Governor Newsom joins volunteers in conducting San Diego County homeless count
SAN DIEGO (KUSI) – We All Count, the federally required point-in-time count of San Diego County’s homeless population, will be conducted Thursday.
Gov. Gavin Newsom will be among the state, county and federal officials participating in the count, along with Senate President pro Tempore Toni Atkins, D-San Diego, along with outreach workers and volunteers.
Governor Newsom spoke with KUSI’s Ed Lenderman live on Good Morning San Diego about California’s homeless issue and how he is working to fix it. Regarding the homeless, he told Lenderman ” it is a crisis. I get it. It happened on our watch, we own this.” Newsom’s full interview with Lenderman is below.
Participants will use the Counting Us app which has a geographical information system, a framework for gathering, managing and analyzing data in real time.
The outreach workers and volunteers intend to count all individuals who spent the night in conditions considered unsheltered, including park benches, sidewalks, tents, vehicles and recreational vehicles.
The count is required by the Department of Housing and Urban Development to determine federal funding for programs dealing with homelessness.
Last year’s count determined there were 8,102 people in San Diego County spending the night in the streets or in a shelter.
Newsom will assist volunteers at the Connections Housing shelter later Thursday morning, joined by Atkins and Josh Fryday, California’s chief service officer.
Newsom has made reducing homelessness a top priority of his second year in office. He signed an executive order Jan. 8 as part of a comprehensive state response to homelessness.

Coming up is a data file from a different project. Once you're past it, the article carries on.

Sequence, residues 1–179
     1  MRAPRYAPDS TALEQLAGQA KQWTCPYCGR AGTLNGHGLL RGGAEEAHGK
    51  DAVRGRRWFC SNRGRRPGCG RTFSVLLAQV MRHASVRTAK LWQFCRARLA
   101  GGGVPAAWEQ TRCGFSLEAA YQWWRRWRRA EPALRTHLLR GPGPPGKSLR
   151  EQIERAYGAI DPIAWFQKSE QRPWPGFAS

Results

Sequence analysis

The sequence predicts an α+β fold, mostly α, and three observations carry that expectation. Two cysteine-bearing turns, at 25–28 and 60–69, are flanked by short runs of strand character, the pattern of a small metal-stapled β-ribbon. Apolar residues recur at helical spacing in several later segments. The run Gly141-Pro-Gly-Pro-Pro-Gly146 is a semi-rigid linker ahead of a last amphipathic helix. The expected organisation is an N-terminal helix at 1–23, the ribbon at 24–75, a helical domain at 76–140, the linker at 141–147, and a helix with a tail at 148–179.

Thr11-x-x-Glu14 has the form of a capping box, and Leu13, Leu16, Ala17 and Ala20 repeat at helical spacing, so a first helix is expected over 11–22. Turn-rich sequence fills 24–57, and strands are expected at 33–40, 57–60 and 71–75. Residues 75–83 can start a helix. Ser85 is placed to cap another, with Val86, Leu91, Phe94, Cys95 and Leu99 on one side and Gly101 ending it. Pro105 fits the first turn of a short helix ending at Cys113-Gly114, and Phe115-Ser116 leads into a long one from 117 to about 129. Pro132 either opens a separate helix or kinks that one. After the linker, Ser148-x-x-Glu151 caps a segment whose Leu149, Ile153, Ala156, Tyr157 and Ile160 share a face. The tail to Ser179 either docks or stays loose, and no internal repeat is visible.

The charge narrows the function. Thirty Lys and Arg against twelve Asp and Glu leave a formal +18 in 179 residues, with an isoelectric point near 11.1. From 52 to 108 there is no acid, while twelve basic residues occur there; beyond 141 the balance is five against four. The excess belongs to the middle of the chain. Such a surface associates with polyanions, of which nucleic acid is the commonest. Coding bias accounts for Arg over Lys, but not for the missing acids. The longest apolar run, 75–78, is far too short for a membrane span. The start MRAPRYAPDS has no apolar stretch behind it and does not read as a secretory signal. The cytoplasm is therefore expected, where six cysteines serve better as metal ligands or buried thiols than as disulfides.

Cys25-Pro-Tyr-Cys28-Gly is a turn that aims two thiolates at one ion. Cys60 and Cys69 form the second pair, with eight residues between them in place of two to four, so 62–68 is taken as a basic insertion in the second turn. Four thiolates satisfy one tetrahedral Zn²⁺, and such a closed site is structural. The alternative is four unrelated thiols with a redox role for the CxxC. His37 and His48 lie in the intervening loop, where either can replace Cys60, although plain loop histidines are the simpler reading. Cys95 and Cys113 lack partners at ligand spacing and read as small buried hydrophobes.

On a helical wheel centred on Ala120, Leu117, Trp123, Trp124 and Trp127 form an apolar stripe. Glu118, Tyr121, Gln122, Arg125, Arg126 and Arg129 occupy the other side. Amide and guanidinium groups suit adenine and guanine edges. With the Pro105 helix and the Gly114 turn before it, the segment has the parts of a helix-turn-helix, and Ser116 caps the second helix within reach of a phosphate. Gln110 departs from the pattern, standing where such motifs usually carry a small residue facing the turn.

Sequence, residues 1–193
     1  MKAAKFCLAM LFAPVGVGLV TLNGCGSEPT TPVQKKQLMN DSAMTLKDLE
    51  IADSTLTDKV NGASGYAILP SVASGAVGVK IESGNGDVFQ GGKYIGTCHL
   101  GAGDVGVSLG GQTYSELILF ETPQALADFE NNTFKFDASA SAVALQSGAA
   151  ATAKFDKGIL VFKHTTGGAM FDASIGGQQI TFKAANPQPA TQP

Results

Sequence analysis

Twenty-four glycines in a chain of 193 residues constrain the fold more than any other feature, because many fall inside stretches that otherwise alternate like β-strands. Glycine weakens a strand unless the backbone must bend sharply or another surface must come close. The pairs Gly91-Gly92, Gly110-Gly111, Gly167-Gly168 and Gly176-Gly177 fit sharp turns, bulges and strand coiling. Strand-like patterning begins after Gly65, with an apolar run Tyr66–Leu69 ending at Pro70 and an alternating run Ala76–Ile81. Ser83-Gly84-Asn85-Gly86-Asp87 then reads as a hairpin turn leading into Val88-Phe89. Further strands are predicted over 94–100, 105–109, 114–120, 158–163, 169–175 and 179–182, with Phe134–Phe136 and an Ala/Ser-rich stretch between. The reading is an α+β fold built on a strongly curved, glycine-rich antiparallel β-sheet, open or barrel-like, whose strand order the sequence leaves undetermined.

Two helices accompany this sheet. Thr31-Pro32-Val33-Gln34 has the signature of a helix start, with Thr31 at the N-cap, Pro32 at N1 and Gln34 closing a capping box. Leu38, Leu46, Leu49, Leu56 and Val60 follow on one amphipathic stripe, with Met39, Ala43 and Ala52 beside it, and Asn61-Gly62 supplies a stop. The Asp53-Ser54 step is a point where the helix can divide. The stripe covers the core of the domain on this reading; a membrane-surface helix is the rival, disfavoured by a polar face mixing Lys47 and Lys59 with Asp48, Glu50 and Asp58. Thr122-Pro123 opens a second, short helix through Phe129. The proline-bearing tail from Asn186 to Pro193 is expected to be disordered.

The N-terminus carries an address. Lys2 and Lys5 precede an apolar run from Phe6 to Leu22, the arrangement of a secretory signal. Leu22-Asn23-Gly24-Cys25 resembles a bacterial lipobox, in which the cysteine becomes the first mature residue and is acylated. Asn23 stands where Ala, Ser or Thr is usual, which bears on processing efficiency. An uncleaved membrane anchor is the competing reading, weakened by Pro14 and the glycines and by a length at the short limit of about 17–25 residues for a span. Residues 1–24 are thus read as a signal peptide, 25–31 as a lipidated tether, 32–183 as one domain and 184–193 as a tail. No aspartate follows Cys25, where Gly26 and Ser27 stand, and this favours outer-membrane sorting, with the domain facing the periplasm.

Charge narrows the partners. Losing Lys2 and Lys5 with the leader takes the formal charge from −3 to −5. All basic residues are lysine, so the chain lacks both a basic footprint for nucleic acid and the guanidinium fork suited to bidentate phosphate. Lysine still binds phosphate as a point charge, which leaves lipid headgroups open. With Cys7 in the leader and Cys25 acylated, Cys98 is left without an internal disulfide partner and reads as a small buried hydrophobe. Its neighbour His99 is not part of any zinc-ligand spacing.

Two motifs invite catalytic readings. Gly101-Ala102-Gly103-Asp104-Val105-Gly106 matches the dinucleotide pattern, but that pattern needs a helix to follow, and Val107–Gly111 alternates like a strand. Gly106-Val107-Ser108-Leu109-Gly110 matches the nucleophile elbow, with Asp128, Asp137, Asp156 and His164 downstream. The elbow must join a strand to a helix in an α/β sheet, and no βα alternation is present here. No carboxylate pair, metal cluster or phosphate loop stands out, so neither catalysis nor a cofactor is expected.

The order included creation of the California Access to Housing and Services Fund, expediting the availability of state land assets to temporarily house the homeless and directing the Department of General Services to supply 100 camp trailers from the state fleet and the Emergency Medical Services Authority to deploy modular tent structures to provide temporary housing and delivery of health and social services across the state.
In his state budget proposal released Jan. 10, Newsom formally announced more than $1 billion in homeless response funding, including $750 million for the Access to Housing and Services Fund, and making changes to the Medi-Cal system to better serve individuals experiencing mental illness and homelessness.
“The state of California is treating homelessness as a real emergency because it is one,” Newsom said in connection with signing the executive order. “Californians are demanding that all levels of government — federal, state and local — do more to get people off the streets and into services, whether that’s housing, mental health services, substance abuse treatment or all of the above.
“That’s why we’re using every tool in the toolbox — from proposing a massive new infusion of state dollars in the budget that goes directly to homeless individuals, emergency housing and treatment programs to building short-term emergency housing on vacant state-owned land.”
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